Life with toddlers is difficult isn’t it? The precious little babe you once had is now a tantrum-filled toddler that seems to rage at what seems like nothing. Each day is new, beautiful, and a little bit scary. And maybe what worked yesterday is falling flat today so you feel like you’re troubleshooting toddlerhood and its challenges. Because you are. We all are!
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I sat in the chair over by the sunny window that I sit in every morning. I had my cup of hot tea and I was in my daily reading and devotional. That’s when my youngest daughter woke up and trotted into the room.
With glee she looked at me using those precious 14-month-old eyes almost as if to say “I got out of bed myself and what a great way to start my day!”
I told her good morning and went to pick her up as I saw her arms outstretched high above her head begging for some momma time.
But she cried.
So I tried to calm her.
But she reared back and busted my lip, throwing herself on the floor.
Despite any effort I made, she continue to melt down. In fact it was almost as if she melted into a little puddle on the floor. And every moment that she started to get calm again, something else would trigger her.
Like, no, she doesn’t fit under the cedar chest, no there’s no more water in this cup, and I don’t really want you mom!
These are the days when troubleshooting toddlerhood is truly tricky. Especially with the really young, non-verbal tots that struggle to even express themselves.
But through the years of raising my own kids, nannying, babysitting, and teaching, I have developed a system of working through these parenting issues in a peaceful manner. Let’s discuss a few ways to be a mindful and intentional parent to your toddlers and preschoolers…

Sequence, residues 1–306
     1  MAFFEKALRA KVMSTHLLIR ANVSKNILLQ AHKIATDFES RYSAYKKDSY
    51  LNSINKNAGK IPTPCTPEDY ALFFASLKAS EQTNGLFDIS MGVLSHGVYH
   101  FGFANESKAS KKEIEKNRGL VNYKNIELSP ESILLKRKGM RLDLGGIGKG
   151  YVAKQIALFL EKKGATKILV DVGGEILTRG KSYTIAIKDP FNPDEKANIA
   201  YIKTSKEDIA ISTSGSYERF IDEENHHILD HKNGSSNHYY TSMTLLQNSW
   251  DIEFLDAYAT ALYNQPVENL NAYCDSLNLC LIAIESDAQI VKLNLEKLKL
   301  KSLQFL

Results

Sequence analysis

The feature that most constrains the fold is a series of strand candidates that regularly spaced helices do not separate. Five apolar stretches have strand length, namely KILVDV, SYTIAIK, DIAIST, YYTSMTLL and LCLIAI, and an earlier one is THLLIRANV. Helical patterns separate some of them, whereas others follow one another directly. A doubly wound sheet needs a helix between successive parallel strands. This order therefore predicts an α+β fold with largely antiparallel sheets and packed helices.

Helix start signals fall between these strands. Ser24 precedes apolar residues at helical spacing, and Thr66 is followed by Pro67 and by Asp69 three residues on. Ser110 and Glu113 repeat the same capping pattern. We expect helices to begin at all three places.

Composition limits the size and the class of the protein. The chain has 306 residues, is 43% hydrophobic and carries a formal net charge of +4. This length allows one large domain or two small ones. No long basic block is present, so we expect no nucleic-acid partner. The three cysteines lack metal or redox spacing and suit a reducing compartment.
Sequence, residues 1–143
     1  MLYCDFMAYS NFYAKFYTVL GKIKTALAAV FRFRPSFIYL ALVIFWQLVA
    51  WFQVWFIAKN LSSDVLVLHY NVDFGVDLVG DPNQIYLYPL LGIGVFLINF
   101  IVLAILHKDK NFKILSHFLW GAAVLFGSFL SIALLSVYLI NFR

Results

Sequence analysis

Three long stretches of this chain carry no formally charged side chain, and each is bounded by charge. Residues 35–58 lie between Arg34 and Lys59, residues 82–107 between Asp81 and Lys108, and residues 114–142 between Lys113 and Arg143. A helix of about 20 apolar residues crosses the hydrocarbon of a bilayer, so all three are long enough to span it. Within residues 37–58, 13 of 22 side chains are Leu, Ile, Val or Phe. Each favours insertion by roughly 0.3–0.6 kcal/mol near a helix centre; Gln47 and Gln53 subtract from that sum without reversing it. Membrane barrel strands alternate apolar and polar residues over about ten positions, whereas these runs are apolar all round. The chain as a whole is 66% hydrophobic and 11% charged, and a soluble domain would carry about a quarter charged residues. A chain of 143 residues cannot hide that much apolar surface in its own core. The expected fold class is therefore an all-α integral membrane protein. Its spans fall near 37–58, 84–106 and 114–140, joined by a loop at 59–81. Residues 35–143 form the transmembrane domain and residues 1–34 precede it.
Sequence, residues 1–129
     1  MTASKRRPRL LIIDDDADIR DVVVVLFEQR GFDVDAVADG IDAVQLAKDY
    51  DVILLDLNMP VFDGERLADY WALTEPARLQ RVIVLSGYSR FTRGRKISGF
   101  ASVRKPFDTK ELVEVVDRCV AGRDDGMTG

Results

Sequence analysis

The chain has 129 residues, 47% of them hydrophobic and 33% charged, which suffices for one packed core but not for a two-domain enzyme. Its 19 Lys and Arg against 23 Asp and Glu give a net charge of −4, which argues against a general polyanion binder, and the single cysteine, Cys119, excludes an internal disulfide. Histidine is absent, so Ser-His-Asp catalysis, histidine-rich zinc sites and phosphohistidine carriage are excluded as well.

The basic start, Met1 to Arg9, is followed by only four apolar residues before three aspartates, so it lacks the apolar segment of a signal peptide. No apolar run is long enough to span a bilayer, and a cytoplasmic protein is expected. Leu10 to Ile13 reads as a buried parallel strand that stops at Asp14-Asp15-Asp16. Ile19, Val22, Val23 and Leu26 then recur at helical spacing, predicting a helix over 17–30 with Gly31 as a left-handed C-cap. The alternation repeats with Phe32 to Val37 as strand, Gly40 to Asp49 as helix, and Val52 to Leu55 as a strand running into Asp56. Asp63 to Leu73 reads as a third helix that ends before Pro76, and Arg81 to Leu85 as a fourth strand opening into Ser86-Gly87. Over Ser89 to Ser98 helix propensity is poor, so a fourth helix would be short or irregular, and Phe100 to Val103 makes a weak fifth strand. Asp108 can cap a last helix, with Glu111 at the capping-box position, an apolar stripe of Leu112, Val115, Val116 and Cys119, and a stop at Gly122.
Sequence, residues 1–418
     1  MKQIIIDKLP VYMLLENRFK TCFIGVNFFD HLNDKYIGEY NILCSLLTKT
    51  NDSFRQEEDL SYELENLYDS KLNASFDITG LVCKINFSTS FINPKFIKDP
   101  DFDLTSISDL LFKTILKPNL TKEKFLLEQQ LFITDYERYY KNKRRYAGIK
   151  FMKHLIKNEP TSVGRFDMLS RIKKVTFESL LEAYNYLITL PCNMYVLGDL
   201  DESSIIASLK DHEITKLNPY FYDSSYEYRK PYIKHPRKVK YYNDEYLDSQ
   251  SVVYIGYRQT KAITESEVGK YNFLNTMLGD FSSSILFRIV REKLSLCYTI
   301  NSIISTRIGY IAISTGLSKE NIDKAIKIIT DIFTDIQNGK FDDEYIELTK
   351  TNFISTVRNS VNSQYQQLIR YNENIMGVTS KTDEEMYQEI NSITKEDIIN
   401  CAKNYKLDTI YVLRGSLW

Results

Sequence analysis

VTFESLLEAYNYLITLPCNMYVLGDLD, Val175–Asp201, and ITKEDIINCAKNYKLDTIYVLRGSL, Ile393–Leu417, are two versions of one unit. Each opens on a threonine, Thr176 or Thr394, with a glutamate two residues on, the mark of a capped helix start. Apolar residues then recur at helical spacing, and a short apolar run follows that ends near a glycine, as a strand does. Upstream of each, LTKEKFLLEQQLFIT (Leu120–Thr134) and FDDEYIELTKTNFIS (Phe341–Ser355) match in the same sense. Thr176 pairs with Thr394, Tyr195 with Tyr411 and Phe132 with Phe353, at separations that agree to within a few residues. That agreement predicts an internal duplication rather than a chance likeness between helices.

How to Troubleshoot Toddlerhood like a Pro.
Know there will be changes.
It’s part of having kids. Whether they change their favorite color on you, physically grow, or learn behavior from the crazy next door kids… there will always be changes.
And it’s easy to become frustrated. In fact, I talk about it in the book. There are ways to overcome being a frustrated parent and most of them aren’t trying to get your kids to conform to your ideas and your plans.
Just having an open mind and embracing both little and big changes make a huge difference in how you handle any situation.
Be Cognizant of Developmental markers.
There are times when I am trying to interact with my oldest and she just isn’t answering me like I think she should or know she could. And I wind up trying to convince her that all she needs to do is “use your words”. But the reality is, she’s growing and not all in ways we can see.
I have found the times when my kids are developming mentally and intellectually, they regress in other areas. And vice versa. So vocabulary and emotional stability tend to decline a bit the days she experiencing a growth spurt.
Sometimes taking a step back is all I need to realize this is why she’s not so resilient or easy to deal with.
Know you’re not alone.
Every single person has been a toddler before meaning that forever and ever there have been parents raising toddlers. But it also means there are others living parallel lives to you.
If you can find a community of people whether in person or virtually that can help you through your troubles and struggles, it makes the fight to keep your own sanity easier. In fact, if you don’t have a village or want to join a larger online community, we are building a parenting hideout for those with kids ages 0-5 in association with my new podcast that’s launching soon.
Learn that communication isn’t all in the words.
Again, many times when we’re frustrated and fed up, it boils down to communication. It could be that your toddler isn’t using their words or you don’t feel like you can get through to them.
But in fact there are 5 channels of communication and verbal dialogue is only one of them.
We can actually work on changing a situation just by the way we say something. Such as using a slow soft voice instead of a fast harsh one.
As parents, it’s also possible to change how we communicate by adjusting our body language, getting on their level, and being aware of our facial expressions. Our tone of voice also matters. There has actually been research showing that very young babies emotionally understand a change in tone of voice.
Read more about how to get kids to stop hitting from Kori at Home.
Do your best to go for a peaceful approach.
One of your best tools in your handy-dandy parenting toolbox is the ability to regulate your own emotions and feelings. Thus, you are more likely to remain peaceful in a situation versus your child.
And while some people have overblown peaceful parenting ideas, just shifting your thinking a bit to align more with “how can I be the parent my child needs” today is a powerful tool in troubleshooting toddlerhood and beyond.
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